It has become conventional wisdom these days that Republicans want the 2016 presidential contest to focus on foreign policy. While they seem to have a knack for critiquing what President Obama is doing in that arena, they are offering precious little by way of alternatives.
President Obama summarized his approach pretty well early on in his presidency when he gave a speech in Cairo, Egypt.
For we have learned from recent experience that when a financial system weakens in one country, prosperity is hurt everywhere. When a new flu infects one human being, all are at risk. When one nation pursues a nuclear weapon, the risk of nuclear attack rises for all nations. When violent extremists operate in one stretch of mountains, people are endangered across an ocean. When innocents in Bosnia and Darfur are slaughtered, that is a stain on our collective conscience. That is what it means to share this world in the 21st century. That is the responsibility we have to one another as human beings.
And this is a difficult responsibility to embrace. For human history has often been a record of nations and tribes — and, yes, religions — subjugating one another in pursuit of their own interests. Yet in this new age, such attitudes are self-defeating. Given our interdependence, any world order that elevates one nation or group of people over another will inevitably fail. So whatever we think of the past, we must not be prisoners to it. Our problems must be dealt with through partnership; our progress must be shared.
Recently he added an interesting dynamic to that statement.
Obama said his view was that “engagement,” combined with meeting core strategic needs, could serve American interests vis-a-vis these three countries [Burma, Cuba and Iran] far better than endless sanctions and isolation. He added that America, with its overwhelming power, needs to have the self-confidence to take some calculated risks to open important new possibilities…
What has emerged is a pattern of working with our allies via partnership to take the risk of engagement with countries from whom we have been isolated as opponents.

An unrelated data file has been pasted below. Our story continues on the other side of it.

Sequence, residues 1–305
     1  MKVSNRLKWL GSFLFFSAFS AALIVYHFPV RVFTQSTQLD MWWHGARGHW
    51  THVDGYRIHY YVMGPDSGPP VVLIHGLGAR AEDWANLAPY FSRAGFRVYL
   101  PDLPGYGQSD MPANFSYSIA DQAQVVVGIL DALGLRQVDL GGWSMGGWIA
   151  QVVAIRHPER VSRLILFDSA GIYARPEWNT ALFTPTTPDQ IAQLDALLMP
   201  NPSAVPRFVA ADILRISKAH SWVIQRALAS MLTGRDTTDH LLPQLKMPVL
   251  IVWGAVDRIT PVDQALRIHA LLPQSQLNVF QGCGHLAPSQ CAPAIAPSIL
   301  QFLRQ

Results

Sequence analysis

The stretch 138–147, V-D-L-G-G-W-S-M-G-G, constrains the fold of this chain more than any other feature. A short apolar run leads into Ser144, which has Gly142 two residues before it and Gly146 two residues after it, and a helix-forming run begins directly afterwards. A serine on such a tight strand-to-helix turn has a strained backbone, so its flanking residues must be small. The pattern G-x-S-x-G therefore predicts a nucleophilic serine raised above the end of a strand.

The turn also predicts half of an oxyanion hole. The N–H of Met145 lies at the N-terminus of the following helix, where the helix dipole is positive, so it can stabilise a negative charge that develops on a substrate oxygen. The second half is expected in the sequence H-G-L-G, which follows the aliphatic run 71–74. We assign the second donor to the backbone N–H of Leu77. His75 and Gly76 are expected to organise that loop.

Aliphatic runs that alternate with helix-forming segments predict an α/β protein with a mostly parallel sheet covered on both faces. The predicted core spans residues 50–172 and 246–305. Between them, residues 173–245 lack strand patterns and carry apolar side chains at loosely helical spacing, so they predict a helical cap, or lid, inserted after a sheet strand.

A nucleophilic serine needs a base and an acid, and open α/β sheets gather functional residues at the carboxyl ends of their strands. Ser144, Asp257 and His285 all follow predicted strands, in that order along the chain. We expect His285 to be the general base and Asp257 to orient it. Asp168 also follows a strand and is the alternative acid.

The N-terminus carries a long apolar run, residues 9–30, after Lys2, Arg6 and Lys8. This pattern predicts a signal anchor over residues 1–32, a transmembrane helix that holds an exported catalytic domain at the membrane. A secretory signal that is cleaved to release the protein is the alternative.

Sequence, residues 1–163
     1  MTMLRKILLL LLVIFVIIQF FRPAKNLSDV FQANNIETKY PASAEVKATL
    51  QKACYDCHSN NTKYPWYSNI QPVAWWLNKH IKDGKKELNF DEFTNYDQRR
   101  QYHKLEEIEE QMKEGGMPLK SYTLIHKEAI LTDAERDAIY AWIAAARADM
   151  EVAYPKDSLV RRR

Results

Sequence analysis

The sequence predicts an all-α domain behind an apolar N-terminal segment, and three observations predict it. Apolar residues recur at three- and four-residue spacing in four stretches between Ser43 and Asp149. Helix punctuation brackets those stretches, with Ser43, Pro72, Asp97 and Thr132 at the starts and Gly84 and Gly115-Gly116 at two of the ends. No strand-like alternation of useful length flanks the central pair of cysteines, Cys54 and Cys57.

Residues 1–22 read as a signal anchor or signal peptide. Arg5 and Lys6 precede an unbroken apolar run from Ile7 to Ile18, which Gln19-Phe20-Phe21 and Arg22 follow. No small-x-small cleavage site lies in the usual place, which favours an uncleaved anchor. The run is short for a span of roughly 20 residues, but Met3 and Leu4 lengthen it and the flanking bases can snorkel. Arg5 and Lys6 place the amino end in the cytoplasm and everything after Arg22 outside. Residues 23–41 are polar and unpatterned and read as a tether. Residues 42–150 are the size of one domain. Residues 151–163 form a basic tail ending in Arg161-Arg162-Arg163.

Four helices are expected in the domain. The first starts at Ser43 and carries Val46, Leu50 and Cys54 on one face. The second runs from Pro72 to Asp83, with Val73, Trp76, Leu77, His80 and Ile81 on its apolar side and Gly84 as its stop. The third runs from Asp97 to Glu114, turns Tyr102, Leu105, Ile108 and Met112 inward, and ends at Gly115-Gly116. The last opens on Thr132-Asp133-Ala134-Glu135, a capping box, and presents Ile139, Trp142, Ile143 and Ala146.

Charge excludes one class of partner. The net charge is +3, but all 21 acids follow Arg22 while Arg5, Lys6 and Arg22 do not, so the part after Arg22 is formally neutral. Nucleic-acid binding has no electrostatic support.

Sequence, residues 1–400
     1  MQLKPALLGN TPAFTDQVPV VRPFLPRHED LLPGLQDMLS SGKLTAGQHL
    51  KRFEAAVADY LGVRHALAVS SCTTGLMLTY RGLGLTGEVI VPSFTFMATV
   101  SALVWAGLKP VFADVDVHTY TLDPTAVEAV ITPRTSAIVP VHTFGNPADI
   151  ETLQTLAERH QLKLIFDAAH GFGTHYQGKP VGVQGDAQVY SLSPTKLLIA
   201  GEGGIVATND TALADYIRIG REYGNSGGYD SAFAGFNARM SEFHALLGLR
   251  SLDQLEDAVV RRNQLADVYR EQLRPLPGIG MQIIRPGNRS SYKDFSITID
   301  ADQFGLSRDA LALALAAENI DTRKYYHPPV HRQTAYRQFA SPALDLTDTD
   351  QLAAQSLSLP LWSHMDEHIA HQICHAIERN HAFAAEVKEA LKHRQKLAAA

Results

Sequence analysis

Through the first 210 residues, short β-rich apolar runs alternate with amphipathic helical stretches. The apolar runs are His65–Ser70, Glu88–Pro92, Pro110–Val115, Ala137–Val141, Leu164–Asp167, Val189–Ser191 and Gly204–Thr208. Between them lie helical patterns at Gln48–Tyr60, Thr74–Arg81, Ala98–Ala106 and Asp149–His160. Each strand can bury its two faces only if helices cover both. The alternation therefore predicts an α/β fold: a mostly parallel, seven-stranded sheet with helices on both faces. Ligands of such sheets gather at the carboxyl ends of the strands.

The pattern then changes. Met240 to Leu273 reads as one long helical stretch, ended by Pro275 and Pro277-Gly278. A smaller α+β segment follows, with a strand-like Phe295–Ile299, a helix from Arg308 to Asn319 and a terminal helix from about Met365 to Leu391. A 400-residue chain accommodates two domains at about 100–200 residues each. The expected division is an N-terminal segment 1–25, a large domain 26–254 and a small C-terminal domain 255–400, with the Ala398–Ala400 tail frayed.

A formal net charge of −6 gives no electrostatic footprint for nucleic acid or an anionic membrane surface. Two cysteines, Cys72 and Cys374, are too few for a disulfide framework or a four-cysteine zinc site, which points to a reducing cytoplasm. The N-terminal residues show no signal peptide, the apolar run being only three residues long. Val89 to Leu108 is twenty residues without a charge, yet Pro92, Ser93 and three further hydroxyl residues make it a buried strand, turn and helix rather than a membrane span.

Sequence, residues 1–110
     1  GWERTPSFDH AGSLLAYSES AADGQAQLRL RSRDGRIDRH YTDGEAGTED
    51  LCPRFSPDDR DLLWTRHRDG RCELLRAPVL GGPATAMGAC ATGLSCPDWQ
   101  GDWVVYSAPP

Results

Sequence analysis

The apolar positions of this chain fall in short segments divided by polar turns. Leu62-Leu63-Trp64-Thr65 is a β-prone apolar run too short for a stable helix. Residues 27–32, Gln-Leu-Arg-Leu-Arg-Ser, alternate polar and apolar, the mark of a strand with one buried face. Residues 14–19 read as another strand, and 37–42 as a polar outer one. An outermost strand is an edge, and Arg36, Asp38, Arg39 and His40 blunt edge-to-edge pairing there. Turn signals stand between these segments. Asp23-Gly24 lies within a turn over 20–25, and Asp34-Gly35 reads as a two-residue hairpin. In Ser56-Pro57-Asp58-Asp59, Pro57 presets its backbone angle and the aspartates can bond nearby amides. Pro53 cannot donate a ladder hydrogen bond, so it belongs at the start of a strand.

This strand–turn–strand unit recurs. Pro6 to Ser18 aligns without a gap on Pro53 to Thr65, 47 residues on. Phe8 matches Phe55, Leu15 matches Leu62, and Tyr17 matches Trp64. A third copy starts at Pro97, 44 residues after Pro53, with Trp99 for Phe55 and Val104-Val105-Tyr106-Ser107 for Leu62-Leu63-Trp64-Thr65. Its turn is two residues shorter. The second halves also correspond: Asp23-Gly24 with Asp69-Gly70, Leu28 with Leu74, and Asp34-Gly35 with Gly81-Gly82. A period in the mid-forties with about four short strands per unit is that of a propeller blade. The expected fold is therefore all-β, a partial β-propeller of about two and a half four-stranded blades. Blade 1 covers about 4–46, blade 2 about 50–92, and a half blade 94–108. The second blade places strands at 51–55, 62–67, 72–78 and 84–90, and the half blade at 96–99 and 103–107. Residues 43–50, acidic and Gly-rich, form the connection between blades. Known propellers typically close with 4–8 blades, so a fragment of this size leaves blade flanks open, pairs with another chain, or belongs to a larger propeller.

In contrast, Senator Rubio and Governor Walker have now both gone on record saying that if they are elected president, they would opt out of any deal the U.S. and P5+1 countries might negotiate with Iran and reimpose sanctions. Additionally, Rubio said he would roll back the diplomatic ties President Obama is working on developing with Cuba. I suspect that before long, most 2016 Republican candidates will join them in making these promises.
What is clear is that they are rejecting the idea of working in partnership with our allies – which calls into question the line we’ve heard from some of them recently about how it is the President who is has lost the trust of our allies. Opting out of a potential deal with Iran would be a slap in the face to our European friends and returning to our Cold War posture with Cuba reignites resentment from our Central/South American neighbors.
While most of these 2016 candidates are comfortable publicly rejecting President Obama’s strategy of working in partnership with our allies, they stop short of discussing an alternative to his work on engaging our opponents. Once we’ve lost the support of our allies around the globe, what is their alternative to stop Iran from attaining nuclear weapons? They fail to articulate one.
For example, listen to this hodgepodge on the subject from Senator Rubio as he acknowledges that his proposal to opt out of any deal with Iran and reimpose sanctions unilaterally will not be very effective.
But from the United States’ perspective, while we want our allies to join us in this endeavor, and certainly sanctions against Iran would be more effective were they in conjunction with our allies around the world, we have to look out for our own national security concerns. And in my mind, if the president wanted this to be a permanent deal that survived his presidency, he would have brought it to Congress.
Just as you expect him to finish his thought about how we “look out for our own national security concerns” with ineffective unilateral sanctions against Iran, he completely switches gears and says President Obama should bring the deal before Congress for approval. Kinda leaves you with a “WTF?” Doesn’t it?
At this point, we know that Hillary Clinton has expressed support for the outcomes of President Obama’s latest foreign policy initiatives. But it is not clear yet whether she would embrace his strategies of partnership and engagement.
These are the questions we should be paying attention to in a presidential contest focused on foreign policy.